Why Needlestick Legislation?
The facts listed below illustrate the dramatic effect that needlesticks and sharps injuries have on health care workers each year.
- Health care workers (HCWs) suffer between 600,000 and 1 million injuries from conventional needles and sharps annually. These exposures can lead to hepatitis B, hepatitis C, and human immunodeficiency virus (HIV), the virus that causes AIDS.
- At least 1,000 HCWs are estimated to contract serious infections annually from needlesticks and sharps injuries.
- Registered nurses working at the bedside sustain an overwhelming majority of these exposures.
- Needlestick injuries are preventable. More than 80% of needlestick injuries could be prevented with the use of safer needle devices.
- Less than 15% of U.S. hospitals use safer needle devices and systems.
- In 1992, the Food and Drug Administration (FDA) issued an alert to all health care facilities to utilize needleless IV systems wherever possible. This alert was merely a recommendation, not a mandate. Therefore, health care facilities are under no legal obligation to comply.
- The first safe needle designs were patented in the 1970s, and the FDA has approved more than 250 devices for marketing as safety devices.
- More than 20 other infections can be transmitted through needlesticks, including tuberculosis, syphilis, malaria, and herpes.
- Hepatitis B is now preventable due to the vaccine that must be offered to HCWs and is given to children at birth.
- Regulatory and legislative efforts were largely responsible for the reduction of deaths from hepatitis B as a result of vaccine programs.
- Following these regulatory and legislative efforts, including the Occupational Safety and Health Administration Bloodborne Pathogens Standard, cases of hepatitis B in health care workers have dropped from 17,000 annually to 400 annually and continue to drop.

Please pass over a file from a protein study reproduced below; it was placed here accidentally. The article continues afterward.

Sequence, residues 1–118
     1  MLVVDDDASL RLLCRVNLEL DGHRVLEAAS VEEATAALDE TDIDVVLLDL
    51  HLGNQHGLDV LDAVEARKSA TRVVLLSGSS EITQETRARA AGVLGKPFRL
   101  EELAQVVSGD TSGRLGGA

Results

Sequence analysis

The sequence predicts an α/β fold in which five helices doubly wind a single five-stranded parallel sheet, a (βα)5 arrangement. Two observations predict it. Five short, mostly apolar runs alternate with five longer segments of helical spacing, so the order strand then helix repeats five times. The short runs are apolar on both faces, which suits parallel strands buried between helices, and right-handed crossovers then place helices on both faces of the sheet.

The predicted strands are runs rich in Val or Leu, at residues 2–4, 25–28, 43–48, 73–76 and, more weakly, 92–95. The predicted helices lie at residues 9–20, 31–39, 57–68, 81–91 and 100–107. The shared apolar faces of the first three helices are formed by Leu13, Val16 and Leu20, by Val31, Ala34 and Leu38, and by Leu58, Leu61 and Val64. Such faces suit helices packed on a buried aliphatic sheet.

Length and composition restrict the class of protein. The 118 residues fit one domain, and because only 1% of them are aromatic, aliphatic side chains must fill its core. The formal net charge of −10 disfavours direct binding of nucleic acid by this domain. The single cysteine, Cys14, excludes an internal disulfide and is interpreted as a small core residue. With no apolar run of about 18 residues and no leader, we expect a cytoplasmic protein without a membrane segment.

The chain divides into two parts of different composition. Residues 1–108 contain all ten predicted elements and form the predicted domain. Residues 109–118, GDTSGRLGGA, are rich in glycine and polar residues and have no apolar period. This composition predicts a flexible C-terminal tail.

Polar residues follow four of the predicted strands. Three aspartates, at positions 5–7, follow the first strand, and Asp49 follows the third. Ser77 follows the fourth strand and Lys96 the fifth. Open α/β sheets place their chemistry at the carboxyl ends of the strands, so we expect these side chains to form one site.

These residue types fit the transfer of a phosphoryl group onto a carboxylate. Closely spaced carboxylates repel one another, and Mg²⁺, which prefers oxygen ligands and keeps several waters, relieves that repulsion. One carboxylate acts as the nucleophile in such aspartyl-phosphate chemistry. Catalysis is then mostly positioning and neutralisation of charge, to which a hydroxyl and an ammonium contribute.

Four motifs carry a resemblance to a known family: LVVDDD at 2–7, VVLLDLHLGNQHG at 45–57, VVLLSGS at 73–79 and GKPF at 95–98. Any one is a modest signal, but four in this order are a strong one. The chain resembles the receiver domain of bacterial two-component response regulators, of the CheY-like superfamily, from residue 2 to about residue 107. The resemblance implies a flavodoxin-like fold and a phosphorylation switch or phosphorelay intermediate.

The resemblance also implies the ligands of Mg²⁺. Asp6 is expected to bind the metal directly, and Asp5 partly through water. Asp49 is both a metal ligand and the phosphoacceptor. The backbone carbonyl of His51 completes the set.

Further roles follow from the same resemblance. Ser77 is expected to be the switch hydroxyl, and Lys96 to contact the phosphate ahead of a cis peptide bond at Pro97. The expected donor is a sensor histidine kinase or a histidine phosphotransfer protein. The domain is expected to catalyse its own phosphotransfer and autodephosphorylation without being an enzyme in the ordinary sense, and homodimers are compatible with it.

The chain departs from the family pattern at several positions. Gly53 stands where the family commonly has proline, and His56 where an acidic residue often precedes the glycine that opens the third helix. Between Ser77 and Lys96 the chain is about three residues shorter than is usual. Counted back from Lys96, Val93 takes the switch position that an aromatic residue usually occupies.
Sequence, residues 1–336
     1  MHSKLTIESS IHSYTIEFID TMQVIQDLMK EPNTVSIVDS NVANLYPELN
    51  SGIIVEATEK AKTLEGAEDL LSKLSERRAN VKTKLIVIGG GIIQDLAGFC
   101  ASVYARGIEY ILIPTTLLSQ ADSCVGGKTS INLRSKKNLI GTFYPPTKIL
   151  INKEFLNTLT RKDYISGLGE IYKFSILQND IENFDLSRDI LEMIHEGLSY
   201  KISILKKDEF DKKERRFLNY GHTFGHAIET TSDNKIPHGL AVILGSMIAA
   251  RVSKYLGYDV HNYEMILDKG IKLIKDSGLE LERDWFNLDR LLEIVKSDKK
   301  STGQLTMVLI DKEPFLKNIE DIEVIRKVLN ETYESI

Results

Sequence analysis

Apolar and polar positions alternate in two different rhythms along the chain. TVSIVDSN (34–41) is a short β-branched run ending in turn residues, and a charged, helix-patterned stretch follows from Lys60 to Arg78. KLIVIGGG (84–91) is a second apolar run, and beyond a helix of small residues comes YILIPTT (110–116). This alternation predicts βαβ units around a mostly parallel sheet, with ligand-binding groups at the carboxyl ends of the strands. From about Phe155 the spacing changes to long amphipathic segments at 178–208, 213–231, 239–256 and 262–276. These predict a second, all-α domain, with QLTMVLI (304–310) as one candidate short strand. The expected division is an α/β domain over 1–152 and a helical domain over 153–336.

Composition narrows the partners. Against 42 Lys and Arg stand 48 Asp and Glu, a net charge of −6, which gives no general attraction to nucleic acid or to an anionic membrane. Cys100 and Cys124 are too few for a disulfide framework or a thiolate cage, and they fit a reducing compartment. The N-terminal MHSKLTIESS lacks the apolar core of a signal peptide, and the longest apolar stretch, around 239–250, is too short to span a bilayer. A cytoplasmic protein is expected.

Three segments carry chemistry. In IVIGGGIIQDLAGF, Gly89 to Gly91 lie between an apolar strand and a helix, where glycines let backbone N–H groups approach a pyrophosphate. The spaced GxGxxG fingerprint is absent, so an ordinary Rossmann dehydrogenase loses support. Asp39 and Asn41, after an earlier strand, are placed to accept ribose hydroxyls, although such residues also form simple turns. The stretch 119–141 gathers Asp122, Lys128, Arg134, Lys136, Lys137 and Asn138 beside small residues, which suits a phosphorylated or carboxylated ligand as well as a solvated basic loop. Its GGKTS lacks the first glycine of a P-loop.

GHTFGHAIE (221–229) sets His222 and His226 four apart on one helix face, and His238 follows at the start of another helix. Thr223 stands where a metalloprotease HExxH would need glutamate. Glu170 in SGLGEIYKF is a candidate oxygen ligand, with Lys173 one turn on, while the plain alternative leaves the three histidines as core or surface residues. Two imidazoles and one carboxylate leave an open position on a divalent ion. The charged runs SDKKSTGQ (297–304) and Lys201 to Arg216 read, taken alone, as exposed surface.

- Transmission rate: 2% to 40%
- Testing for hepatitis C after needlestick injuries was recommended first in 1998. It is a silent epidemic. There could be thousands of nurses with occupationally-acquired hepatitis C who do not know it.
- Hepatitis C is the most frequent infection resulting from needlesticks and sharps injuries. Of health care workers who become infected, 85% become chronic carriers.
- Chronic carriers have the potential to spread the disease to others, including their partners.
- Drugs that slow the progression of hepatitis C are available, but cost an average of $1,700 each month.
- Hepatitis C leads to liver failure, liver transplants, and cancer of the liver. A liver transplant costs $500,000.
- At least 4 million Americans are infected with hepatitis C.
- Transmission rate: 2.7% to 10%
- HIV is the virus that causes AIDS, a fatal disease.
- Advances in treatment prolong the time before HIV becomes AIDS. The drug treatment can cost up to $6,000 per month.
- 16,000 of the 600,000 to 1 million yearly needlestick injuries result in HIV exposure.
- There are more than 54 documented cases of HCWs with occupationally-acquired HIV, and at least 133 cases of possible transmissions of HIV.
- There are 35 new cases each year. One in 300 contaminations stems from HIV.
- Transmission rate: .2% to .4%
Source: American Nurses Association, Washington, DC. Web site: www.nursingworld.org.